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Calendar Time for Young Children

Good Intentions Gone Awry

Heather, a student teacher, watches as

Ms. Kelsey begins calendar time with
the 4-year-olds seated in a semicircle
on the rug. What day is it today? Ms.
Kelsey asks, gesturing toward the large calendar on an easel next to her. When no one
responds, she asks, Well, what day was it
yesterday? The children show little enthusiasm for the exercise, but finally Mindy
offers, Yesterday was Friday! Ms. Kelsey
says, No, it wasnt Friday, Mindy. Does
someone else know what day it was yesterday? Terrance suggests, Wednesday? to
which Ms. Kelsey responds, Right! And if it
was Wednesday yesterday, then what day is
it today? Several wrong guesses later, the
correct answer emerges.
Ms. Kelsey then asks Terrance to
cross out the corresponding
date on the calendar. When he
hesitates, she prompts, Just
look at the date we crossed
out yesterday. Terrance still
seems confused, so Ms.
Kelsey points to a box and
says, Thats the one for
today. Although the children are quite restless and
appear indifferent to the
solution to the date problem, Ms. Kelsey succeeds
in getting them to say in
unison, Today is Thursday,
February 15th.
Shortly after large group time,
Heather meets with her faculty supervisor,
who suggests that when helping the children get ready to go home, Heather might
casually ask them what day it will be when
they get home. She also suggests that when
a child gives the correct answer, Heather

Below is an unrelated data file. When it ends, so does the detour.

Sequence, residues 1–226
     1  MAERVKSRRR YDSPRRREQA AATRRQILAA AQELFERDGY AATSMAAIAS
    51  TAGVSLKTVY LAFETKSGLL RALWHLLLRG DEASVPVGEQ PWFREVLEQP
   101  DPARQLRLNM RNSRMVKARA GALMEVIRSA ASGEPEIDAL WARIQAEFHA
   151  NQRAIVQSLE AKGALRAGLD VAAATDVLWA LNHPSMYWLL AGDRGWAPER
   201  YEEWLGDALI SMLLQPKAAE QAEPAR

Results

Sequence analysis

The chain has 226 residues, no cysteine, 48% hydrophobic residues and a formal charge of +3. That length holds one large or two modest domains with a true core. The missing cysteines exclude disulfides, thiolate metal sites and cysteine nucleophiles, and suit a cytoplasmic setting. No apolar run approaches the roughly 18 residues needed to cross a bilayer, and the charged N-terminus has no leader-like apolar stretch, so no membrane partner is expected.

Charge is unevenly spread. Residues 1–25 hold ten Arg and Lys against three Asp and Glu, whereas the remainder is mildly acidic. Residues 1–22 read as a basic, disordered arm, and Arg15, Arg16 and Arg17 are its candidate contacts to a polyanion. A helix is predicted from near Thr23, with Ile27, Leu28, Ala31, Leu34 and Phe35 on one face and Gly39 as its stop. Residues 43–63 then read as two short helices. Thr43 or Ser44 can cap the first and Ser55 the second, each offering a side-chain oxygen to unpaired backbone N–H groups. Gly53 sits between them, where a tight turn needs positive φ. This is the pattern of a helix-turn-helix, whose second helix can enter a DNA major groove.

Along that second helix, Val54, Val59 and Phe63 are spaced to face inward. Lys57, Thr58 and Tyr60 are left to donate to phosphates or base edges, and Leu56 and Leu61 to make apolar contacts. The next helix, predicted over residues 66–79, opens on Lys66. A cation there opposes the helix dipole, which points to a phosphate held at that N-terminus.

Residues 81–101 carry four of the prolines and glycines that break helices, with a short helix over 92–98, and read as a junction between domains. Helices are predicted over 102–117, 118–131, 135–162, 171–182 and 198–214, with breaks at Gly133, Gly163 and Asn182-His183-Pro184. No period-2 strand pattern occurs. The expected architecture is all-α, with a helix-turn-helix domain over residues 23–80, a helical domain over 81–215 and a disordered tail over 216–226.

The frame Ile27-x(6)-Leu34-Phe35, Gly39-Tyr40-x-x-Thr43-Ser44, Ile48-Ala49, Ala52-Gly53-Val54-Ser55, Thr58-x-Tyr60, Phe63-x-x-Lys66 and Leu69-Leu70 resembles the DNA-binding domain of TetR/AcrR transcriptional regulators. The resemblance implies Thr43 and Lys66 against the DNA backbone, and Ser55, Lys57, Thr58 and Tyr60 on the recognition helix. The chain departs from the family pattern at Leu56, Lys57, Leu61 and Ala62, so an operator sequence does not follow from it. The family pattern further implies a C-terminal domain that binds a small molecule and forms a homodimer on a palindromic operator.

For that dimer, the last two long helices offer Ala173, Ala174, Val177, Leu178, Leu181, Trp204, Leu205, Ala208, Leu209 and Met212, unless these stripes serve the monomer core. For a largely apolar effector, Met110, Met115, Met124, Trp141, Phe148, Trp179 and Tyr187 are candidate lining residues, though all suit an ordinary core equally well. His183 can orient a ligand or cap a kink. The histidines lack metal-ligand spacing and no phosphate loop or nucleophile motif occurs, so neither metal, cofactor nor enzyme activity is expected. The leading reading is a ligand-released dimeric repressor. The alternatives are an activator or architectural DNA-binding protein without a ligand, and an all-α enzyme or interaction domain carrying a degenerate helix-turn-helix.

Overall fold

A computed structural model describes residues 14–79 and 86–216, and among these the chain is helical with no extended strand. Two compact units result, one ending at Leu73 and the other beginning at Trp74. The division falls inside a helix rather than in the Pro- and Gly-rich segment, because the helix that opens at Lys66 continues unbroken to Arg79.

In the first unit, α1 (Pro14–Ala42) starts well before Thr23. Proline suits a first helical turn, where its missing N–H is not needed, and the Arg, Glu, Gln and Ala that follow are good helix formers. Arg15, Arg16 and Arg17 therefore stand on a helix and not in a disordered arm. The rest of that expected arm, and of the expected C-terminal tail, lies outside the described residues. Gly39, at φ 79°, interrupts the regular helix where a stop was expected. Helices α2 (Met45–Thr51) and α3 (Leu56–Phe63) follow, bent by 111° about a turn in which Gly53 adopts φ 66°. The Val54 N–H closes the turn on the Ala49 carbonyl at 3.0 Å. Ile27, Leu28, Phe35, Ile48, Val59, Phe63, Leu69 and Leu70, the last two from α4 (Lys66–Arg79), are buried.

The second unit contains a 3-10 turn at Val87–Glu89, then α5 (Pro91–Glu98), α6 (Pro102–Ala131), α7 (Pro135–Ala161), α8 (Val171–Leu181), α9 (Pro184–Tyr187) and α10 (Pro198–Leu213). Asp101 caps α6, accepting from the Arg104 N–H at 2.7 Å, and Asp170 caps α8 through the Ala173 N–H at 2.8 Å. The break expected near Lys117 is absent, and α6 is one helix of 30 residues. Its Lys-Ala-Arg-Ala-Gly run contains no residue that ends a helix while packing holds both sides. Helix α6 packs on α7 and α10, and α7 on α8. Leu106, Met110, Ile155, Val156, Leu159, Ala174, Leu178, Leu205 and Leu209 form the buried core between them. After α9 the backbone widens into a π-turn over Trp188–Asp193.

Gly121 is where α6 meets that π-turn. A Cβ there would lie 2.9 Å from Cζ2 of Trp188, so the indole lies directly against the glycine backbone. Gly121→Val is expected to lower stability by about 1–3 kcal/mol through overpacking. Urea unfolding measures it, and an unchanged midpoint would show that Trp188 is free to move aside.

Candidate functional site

should ask, Are you sure?
Later, following this advice, Heather
finds that about a third of the children do
not know what day it will be when they
get home. Among those who get the day
right, about half are unsure of their answer.
Heather wonders about the calendar activity.
After all, it is February, and calendar time
has been part of the childrens daily routine
since September.


YCBeneke.indd 1

Sallee J. Beneke, Michaelene M. Ostrosky,

and Lilian G. Katz

Why do the children struggle to answer Ms. Kelsey correctly, when

they have participated in this routine for months? What is the long-term
impact on children when they engage regularly in an activity they do not
fully understand? Here is a fresh look at calendar time in light of what we
know about child development and best practices.

Young childrens development of a sense of time

Diane Greenseid

Adults use calendars to mark

and measure time, such as
scheduling appointments,
remembering birthdays, and anticipating
upcoming special
events (spring break,
a basketball tournament). However, if
we look at the development of childrens
understanding of
time (sometimes
referred to as temporal
understanding), there is

Sallee J. Beneke is the author and coauthor of several books on the project
approach. She is a doctoral student in the Department of Special Education at the
University of Illinois and provides professional development for school districts and
child care centers.
Micki Ostrosky, PhD, is on faculty in the Department of Special Education at the
University of Illinois at Urbana-Champaign. She collaborates with other faculty in
the Center on Social and Emotional Foundations for Early Learning and is involved
with The Autism Program in Illinois. Micki is involved in research on social interaction interventions, naturalistic language interventions, social-emotional competence, challenging behavior, and transitions. ostrosky@uiuc.edu
Lilian G. Katz, PhD, is codirector of the Clearinghouse on Early Childhood and Parenting and professor emerita at the University of Illinois, Urbana-Champaign. Lilian
served as vice president and president of NAEYC in the 1990s. She has lectured in
more than 60 countries and served as visiting professor in a half dozen countries.

2, 3, 4
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Richard Graessle/ NAEYC

little evidence that calendar activities that mark extended

periods of time (a month, a week) are meaningful for children below first grade (Friedman 2000). However, there are
some temporal concepts that preschoolers can grasp in
the context of their daily activitiesconcepts such as later,